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Bammann, K.; Gwozdz, W.; Lanfer, A.; Barba, G.; Henauw, Stefaan de; Eiben, Gabriele; Fernández-Alvira, Juan M.; Kovacs, Eva; Lissner, L.; Moreno, Luis A.; Tornaritis, M.; Veidebaum, T.; Pigeot, I. (2013): Socioeconomic factors and childhood overweight in Europe: results from the multi-centre IDEFICS study. In: Pediatric obesity, Vol. 8, No. 1: pp. 1-12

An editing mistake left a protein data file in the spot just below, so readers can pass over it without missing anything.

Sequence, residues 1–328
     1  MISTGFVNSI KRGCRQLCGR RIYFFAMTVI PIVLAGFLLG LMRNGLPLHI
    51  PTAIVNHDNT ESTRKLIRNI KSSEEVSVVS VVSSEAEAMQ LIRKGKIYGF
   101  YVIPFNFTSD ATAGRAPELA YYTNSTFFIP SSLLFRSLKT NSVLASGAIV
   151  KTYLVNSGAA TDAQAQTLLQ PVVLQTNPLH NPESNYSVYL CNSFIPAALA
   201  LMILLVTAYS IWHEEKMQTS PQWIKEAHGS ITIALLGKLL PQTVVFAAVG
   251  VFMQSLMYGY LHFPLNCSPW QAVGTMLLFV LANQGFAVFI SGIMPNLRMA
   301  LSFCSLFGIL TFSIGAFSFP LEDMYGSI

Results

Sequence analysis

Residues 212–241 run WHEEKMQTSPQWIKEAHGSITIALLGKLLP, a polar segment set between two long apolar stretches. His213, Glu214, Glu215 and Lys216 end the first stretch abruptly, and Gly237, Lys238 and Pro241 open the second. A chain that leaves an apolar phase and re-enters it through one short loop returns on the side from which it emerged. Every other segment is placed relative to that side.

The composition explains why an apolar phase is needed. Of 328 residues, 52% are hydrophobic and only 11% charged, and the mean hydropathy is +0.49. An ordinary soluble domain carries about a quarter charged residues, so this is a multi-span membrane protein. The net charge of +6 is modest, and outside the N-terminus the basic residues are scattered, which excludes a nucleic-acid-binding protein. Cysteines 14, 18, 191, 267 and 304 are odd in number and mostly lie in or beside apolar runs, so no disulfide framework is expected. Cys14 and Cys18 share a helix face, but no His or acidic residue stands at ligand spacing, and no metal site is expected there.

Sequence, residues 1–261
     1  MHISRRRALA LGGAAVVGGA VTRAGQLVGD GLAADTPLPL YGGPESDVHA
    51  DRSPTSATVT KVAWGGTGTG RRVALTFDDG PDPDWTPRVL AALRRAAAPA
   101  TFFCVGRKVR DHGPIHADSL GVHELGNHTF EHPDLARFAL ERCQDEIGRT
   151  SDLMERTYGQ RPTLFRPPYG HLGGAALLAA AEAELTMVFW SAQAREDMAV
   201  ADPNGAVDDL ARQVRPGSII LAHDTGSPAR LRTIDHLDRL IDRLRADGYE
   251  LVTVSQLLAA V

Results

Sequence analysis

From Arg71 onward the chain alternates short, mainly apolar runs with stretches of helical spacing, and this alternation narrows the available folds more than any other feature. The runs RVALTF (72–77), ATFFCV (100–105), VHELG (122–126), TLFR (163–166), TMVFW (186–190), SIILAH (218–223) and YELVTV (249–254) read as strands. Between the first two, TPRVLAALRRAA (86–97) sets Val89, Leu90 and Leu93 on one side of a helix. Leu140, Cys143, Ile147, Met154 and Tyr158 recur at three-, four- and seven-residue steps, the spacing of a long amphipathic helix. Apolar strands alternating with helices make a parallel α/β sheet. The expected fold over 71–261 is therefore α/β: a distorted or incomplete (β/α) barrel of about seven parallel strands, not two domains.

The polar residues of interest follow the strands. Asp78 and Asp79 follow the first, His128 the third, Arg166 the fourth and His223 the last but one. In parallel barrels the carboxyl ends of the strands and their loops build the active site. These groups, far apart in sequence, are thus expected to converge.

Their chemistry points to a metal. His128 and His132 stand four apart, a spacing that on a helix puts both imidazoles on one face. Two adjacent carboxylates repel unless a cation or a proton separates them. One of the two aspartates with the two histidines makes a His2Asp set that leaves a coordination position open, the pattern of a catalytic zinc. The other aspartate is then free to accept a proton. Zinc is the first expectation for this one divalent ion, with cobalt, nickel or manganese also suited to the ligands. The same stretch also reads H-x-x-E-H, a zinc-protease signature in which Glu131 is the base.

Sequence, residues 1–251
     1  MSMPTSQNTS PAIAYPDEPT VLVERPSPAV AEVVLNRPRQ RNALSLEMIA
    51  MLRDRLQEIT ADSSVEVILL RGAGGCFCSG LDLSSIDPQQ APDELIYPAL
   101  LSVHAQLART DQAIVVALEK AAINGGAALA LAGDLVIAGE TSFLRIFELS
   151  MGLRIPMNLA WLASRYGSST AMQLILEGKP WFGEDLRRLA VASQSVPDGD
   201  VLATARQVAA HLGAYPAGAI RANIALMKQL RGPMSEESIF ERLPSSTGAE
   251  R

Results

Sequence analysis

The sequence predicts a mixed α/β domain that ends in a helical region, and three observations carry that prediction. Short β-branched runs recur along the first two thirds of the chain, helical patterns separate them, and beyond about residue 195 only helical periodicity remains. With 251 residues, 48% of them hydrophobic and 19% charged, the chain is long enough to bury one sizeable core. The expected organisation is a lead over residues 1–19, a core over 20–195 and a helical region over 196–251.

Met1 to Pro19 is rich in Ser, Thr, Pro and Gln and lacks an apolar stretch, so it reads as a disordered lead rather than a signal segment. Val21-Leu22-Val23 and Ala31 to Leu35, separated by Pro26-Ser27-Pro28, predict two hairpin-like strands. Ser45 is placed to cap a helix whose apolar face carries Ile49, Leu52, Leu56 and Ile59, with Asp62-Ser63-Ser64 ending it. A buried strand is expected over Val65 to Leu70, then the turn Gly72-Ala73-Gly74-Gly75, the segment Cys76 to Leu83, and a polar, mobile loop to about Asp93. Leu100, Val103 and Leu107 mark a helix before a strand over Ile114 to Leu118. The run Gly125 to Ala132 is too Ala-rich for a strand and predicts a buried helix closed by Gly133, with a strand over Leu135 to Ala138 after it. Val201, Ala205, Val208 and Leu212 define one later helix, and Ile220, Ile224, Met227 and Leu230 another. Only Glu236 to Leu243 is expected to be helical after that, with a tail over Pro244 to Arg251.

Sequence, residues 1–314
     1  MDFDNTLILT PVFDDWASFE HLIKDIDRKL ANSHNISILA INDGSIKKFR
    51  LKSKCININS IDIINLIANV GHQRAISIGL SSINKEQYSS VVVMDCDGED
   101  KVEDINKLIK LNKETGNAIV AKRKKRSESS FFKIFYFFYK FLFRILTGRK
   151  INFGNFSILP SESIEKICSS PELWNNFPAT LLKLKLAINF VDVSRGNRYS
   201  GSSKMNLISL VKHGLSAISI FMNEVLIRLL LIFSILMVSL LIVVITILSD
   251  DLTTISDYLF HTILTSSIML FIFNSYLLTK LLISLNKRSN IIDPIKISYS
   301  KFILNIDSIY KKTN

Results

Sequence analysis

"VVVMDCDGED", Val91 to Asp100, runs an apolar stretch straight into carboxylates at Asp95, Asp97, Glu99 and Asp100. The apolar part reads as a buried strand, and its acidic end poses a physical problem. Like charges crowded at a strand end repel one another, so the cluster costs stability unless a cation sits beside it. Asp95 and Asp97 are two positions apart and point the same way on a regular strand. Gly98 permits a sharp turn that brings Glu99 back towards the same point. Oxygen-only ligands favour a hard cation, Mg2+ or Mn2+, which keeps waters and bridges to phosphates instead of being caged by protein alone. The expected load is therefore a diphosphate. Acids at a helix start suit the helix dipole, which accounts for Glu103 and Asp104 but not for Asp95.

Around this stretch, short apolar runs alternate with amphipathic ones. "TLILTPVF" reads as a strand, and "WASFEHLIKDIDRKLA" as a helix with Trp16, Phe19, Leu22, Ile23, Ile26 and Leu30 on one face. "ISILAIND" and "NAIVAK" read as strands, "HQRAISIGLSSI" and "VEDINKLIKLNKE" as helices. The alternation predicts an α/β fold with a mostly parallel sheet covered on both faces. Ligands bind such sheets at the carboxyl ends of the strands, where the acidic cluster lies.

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What is already known about this subject Overweight and obesity can be linked to different parental socioeconomic factors already in very young children. In Western developed countries, the association of childhood overweight and obesity and parental socioeconomic status shows a negative gradient. Ambiguous results have been obtained regarding the association between socioeconomic factors and childhood overweight and obesity in different countries and over time. What this study adds European regions show heterogeneous associations between socioeconomic factors and overweight and obesity in a multi-centre study with highly standardized study protocol. The strength of association between SES and overweight and obesity varies across European regions. In our study, the SES gradient is correlated with the regional mean income and the country-specific Human development index indicating a strong influence not only of the family but also of region and country on the overweight and obesity prevalence. OBJECTIVE To assess the association between different macro- and micro-level socioeconomic factors and childhood overweight. METHODS Data from the IDEFICS baseline survey is used to investigate the cross-sectional association between socioeconomic factors, like socioeconomic status (SES), and the prevalence of childhood overweight. Differences and similarities regarding this relationship in eight European regions (located in Belgium, Cyprus, Estonia, Germany, Hungary, Italy, Spain and Sweden) are explored. 11 994 children (50.9% boys, 49.1% girls) and their parents were included in the analyses. RESULTS In five of the eight investigated regions (in Belgium, Estonia, Germany, Spain and Sweden), the prevalence of childhood overweight followed an inverse SES gradient. In the other three regions (in Cyprus, Hungary and Italy), no association between SES and childhood overweight was found. The SES-overweight association in a region was best explained by the country-specific human development index and the centre-specific mean income. For the investigated association between other socioeconomic factors and overweight, no clear pattern could be found in the different regions. CONCLUSION The association between socioeconomic factors and childhood overweight was shown to be heterogeneous across different European regions. Further research on nationwide European data is needed to confirm the results and to identify target groups for prevention.